• There are researchers who totally oppose the project of activist Islam. This is evident in the contents of their publications. Among those researchers are: Jill Keppel, who is considered one of the most important French experts specializing in the issues of the Arab region and the file of Islamic movements, along with other names, most prominently: the works of Muhammad Sifawy, from a purely security perspective, in contrast to the prevailing feature in the works of Jill Keppel.

  • On the contrary, there are researchers who support the phenomenon and do not distance themselves from it. They may touch upon its troubles, but they often focus on criticizing decision-makers in the Arab region and the great powers, while keeping silent about criticizing Islamists. At the top of such researchers, comes Francois Borga. It is not a coincidence that this researcher is a permanent guest for the Islamists of the region, especially in Morocco and Tunisia (the last meeting in which Burga took part here in Morocco was organized by an institution affiliated with the “Movement for Unification and Reform” and the “Justice and Development Party”, and his last interview was published by a Moroccan newspaper close to the Islamists of the same circle).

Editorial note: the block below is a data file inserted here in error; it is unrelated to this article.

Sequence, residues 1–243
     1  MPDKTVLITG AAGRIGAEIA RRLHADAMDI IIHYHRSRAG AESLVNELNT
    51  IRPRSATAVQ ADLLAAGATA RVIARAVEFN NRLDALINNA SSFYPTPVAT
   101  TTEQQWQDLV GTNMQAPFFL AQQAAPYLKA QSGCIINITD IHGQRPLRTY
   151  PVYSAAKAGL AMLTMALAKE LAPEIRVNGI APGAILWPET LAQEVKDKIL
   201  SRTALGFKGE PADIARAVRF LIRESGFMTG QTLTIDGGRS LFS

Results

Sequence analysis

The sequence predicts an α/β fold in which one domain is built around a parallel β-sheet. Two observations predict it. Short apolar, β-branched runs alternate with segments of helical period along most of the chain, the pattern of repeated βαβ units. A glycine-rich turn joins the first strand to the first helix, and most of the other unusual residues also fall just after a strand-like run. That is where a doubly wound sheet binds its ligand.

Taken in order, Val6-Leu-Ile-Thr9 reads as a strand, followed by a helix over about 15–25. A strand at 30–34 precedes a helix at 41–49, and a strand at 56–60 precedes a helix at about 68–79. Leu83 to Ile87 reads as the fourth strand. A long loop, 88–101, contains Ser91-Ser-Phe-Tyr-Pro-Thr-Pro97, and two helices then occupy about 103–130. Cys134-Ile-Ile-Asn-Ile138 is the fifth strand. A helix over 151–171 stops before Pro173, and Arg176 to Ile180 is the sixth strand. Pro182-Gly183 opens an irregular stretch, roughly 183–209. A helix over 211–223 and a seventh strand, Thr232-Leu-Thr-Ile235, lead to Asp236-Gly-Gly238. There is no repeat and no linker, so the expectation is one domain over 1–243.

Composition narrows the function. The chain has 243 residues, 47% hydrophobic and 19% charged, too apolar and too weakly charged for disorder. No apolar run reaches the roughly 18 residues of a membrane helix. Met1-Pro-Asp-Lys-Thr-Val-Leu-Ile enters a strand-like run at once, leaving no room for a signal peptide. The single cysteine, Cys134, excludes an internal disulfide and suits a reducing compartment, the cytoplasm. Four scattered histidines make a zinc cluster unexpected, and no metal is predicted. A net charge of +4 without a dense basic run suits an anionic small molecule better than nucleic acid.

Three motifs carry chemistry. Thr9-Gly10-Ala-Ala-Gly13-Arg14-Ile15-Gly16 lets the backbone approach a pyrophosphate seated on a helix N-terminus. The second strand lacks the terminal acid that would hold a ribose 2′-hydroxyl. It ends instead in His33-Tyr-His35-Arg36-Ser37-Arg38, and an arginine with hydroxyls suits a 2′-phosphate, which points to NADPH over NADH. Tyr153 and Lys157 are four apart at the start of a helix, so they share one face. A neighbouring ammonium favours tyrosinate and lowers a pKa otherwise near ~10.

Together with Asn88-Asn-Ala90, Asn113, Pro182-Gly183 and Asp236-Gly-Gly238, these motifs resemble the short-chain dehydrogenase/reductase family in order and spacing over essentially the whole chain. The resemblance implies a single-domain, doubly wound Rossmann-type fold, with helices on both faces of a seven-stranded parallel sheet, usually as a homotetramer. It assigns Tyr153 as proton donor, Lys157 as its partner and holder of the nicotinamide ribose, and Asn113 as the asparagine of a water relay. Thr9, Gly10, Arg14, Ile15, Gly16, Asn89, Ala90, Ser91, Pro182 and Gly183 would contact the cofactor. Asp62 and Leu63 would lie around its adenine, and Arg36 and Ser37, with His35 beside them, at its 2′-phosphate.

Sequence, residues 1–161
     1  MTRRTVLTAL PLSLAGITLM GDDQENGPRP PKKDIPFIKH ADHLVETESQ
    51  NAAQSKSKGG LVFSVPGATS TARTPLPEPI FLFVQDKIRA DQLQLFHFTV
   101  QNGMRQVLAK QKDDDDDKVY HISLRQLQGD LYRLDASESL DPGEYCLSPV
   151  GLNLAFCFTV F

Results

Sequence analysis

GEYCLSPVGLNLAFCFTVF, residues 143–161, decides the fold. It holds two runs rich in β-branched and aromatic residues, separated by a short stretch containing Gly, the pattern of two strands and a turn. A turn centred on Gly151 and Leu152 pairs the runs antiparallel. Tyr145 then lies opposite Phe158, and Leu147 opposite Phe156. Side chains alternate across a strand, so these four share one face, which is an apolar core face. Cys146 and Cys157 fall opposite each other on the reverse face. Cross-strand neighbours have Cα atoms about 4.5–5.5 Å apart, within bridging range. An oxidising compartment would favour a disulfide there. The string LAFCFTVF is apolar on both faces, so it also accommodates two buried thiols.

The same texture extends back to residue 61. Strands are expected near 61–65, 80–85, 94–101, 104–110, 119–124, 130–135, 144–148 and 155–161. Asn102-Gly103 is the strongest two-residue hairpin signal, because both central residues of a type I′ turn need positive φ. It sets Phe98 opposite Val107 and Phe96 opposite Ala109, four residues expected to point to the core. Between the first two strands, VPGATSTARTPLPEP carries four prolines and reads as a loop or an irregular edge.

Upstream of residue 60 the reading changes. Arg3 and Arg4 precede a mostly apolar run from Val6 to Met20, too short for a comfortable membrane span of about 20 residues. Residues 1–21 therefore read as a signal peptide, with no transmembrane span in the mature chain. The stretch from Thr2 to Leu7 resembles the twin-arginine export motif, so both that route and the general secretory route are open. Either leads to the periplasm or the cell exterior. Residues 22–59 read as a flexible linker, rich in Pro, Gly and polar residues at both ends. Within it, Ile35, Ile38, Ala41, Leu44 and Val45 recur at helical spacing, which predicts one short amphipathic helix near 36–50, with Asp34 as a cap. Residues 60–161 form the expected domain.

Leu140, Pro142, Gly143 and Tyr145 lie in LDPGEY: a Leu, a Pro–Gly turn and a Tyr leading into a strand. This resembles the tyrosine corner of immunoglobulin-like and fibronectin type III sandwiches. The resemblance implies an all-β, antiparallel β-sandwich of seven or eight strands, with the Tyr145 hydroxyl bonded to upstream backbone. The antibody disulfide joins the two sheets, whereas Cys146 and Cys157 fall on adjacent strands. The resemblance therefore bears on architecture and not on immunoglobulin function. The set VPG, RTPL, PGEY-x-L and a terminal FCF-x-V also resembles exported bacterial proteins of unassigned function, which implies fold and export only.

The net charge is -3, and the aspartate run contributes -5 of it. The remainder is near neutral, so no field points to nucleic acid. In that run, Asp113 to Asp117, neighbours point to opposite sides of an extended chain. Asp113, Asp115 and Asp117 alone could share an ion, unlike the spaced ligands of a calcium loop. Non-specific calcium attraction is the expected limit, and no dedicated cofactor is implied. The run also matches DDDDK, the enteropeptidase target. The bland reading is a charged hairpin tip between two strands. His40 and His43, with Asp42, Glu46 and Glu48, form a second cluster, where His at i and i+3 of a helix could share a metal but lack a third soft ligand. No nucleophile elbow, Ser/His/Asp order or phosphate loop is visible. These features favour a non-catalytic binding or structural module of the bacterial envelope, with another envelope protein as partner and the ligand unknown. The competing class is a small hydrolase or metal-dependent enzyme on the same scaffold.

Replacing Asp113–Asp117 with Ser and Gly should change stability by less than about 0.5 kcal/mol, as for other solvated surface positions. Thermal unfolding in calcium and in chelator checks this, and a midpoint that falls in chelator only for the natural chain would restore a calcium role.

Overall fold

• As for the third trend, it is the trend that tries to reconcile the research works on the phenomenon while distancing itself from the phenomenon. This trend attempts to understand the phenomenon, without being concerned with supporting or openly criticizing it. At the top of those researchers comes “Olivier Roy” with reference works, some of which have been translated into Arabic. To refer to some of his most important works, we can mention: “The Failure of Political Islam” and “Globalized Islam” [Two translations were published in Arabic, one here in Morocco and another in Lebanon by Dar Al-Saqi], “The Holy Ignorance,” and other works. We can also mention the French historian and sociologist “Emmanuel Todd” who published a book immediately after the attacks of Charlie Hebdo, entitled: “Who is Charlie? Sociology of a Religious Crisis”.